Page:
On this, the first Throwback Thursday of November, we’ll be taking a closer look at the wedding fads that made waves in the 1940s. As the United States was involved in World War II for the better part of the decade, the idea of merriment was not generally in the forefront of citizens’ minds – there were much more pressing issues to address. However, weddings have the ability to offer an escape from this worry, albeit briefly, in order to celebrate a couple in love. Therefore, trends of the time relied on function with a slight romantic flair.
Dresses: Brides walking – or in many cases, hastening – down the aisle weren’t afforded a variety of options when it came to the date of their big day, as it heavily depended on the whims of their partner’s commanding officer. Due to the unpredictable nature of a man’s time off and the anxiety of wartime, women chose shorter frocks that allowed them to move in quick ways, such as jumping on a bicycle, and often wore buttoned-up jackets over their ensembles to keep warm. Many dresses of the time features gathered sleeves, padded hips, and corseted bodices, as these details were en vogue. The style icon of the ‘40s, Queen Elizabeth II, was actually married to Prince Philip in 1947, after the war ended: her opulent gown represented grace and poise following the war, though she still needed to use ration coupons to purchase the material for it. More representative of the early ‘40s bride was actress Ava Gardner on her wedding day in 1942; she married actor Mickey Rooney in a smart jacket and a knee-length skirt.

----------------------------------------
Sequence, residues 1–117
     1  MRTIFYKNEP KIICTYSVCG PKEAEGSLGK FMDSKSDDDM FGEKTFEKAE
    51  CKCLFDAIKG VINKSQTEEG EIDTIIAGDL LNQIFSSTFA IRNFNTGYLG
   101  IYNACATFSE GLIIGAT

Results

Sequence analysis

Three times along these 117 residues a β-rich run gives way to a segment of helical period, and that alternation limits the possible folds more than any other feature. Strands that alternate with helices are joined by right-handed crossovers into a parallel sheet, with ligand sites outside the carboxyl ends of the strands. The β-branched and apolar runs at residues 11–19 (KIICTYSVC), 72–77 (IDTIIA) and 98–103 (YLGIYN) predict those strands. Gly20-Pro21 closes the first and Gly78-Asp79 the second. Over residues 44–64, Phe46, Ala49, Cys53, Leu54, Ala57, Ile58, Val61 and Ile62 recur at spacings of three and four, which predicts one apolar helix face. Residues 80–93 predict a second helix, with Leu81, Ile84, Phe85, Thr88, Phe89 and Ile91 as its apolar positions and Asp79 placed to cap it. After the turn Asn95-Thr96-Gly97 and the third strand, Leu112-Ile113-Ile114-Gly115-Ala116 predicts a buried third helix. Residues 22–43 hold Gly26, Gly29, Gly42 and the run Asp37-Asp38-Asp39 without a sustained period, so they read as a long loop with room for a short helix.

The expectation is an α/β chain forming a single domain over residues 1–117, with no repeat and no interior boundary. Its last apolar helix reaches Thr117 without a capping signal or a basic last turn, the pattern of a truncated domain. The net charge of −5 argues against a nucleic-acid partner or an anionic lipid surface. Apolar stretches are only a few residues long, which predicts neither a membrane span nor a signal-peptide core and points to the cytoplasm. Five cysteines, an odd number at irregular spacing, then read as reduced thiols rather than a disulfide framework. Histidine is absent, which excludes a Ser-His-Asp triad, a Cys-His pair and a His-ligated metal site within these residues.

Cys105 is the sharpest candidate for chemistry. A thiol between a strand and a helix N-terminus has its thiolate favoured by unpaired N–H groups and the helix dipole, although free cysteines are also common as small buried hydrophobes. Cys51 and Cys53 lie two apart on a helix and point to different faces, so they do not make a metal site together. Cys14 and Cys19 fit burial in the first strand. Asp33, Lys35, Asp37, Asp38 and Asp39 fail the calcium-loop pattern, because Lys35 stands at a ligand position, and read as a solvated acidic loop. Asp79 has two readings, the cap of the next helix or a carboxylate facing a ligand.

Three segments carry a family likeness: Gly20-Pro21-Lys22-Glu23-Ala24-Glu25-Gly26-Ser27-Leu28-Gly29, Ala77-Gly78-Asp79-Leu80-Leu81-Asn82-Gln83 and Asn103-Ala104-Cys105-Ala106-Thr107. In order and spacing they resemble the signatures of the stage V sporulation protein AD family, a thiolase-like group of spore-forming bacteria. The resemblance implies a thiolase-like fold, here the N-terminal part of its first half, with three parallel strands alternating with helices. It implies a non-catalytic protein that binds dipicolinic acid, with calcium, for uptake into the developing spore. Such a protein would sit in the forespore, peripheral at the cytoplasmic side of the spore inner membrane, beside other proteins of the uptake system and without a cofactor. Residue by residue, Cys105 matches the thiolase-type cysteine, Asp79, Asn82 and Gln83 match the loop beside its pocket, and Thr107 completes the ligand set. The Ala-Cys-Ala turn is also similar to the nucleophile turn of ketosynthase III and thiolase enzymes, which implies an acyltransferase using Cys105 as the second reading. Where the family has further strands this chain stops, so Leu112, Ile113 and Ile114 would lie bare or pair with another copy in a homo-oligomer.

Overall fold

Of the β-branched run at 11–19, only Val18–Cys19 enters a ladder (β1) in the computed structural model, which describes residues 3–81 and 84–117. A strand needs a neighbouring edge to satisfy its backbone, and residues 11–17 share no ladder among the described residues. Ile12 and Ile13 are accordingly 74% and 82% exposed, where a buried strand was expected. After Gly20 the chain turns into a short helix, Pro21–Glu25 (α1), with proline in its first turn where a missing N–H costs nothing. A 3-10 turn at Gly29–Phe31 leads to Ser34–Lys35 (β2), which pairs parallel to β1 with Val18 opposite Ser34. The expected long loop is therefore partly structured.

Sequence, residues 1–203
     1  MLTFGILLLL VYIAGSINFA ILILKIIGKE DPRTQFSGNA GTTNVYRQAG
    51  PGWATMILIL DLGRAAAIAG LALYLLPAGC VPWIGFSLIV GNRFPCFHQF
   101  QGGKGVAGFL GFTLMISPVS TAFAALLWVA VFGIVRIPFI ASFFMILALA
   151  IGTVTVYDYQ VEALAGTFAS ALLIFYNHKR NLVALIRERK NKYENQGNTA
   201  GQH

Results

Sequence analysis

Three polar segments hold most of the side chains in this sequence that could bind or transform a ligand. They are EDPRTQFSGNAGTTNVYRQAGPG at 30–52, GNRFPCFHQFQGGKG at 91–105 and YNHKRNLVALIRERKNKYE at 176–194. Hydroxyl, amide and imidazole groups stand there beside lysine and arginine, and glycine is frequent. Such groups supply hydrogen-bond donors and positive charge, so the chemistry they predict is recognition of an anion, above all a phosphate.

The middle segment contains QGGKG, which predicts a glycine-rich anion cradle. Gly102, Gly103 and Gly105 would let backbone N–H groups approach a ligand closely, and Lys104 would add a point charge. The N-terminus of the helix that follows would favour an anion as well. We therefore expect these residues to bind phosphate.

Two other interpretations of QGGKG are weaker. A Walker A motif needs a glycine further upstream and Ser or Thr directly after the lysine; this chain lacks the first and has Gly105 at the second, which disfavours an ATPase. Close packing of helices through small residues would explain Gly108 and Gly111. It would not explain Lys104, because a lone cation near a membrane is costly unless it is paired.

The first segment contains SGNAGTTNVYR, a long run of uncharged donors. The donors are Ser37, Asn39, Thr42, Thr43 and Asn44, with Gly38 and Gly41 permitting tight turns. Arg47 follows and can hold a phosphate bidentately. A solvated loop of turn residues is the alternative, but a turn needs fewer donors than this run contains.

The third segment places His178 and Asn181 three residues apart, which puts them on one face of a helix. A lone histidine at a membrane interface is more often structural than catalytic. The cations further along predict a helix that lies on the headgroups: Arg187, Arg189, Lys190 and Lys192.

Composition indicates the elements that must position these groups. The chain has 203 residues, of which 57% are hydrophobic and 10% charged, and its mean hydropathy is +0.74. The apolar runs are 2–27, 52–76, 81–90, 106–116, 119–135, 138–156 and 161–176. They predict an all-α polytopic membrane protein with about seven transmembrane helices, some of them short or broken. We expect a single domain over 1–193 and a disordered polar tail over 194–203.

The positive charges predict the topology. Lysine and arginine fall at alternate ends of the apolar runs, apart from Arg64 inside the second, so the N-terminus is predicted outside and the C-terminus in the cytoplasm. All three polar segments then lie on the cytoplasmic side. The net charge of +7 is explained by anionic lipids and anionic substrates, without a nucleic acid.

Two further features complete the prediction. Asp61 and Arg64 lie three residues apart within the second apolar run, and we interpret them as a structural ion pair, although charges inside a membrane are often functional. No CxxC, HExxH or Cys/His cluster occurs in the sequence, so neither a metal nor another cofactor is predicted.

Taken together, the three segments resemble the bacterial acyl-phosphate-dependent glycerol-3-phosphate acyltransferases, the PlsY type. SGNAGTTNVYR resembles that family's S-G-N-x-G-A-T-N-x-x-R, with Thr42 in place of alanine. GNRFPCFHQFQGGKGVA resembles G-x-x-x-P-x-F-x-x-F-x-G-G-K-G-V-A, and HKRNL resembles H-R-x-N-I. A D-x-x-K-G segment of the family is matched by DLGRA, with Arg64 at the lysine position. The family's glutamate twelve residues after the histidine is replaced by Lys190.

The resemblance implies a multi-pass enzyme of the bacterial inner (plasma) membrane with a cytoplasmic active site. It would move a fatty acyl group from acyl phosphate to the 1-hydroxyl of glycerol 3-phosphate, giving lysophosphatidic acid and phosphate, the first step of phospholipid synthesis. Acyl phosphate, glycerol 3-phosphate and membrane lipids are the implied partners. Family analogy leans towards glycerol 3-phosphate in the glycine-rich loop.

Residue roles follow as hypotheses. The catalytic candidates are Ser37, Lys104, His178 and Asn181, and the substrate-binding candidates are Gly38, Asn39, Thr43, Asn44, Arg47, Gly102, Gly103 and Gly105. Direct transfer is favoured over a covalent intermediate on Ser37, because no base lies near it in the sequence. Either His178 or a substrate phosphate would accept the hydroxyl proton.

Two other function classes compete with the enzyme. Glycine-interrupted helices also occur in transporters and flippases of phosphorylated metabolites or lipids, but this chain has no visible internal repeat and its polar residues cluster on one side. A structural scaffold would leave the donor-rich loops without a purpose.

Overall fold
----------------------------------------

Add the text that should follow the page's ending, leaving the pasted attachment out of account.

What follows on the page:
Beauty & Accessories: There were a few distinct hairstyles that stuck with women of the 1940s, and most did not change up their normal ‘dos when it came time for their weddings. Brides often sported shoulder-length hairstyles with pin curls and side rolls, featuring a simple veil fascinated to a favorite hat atop their head. Red lips, arched eyebrows, and rouged cheeks were all the rage – in fact, red lipstick was actually a part of the war effort of the time, as women were encouraged to send letters to men on the front lines with red “lipstick kisses” in order to boost morale.
Other Details: Every aspect of early ‘40s weddings were at the mercy of World War II. This could mean a speedy courtship and engagement, or an elongated one, and pinning down a date wasn’t an easy task. During the war, wedding rings for men became incredibly popular, as they were a visual reminder for men of what they were fighting for and gave them a connection to their loved one back home. This fad even stuck around after 1945, and many grooms select bands for themselves today. When couples finally got a chance to forget about the turmoil and celebrate, they wanted to have a good time – many held receptions that featured big band ensembles that played lively jazz and swing music perfect for dancing. Additionally, the notion of the DIY bride was born in this era, as women had to scrounge to throw together outfits and décor themselves, working with the limited supplies available.
Opening photo by Jay Lawrence Goldman Photography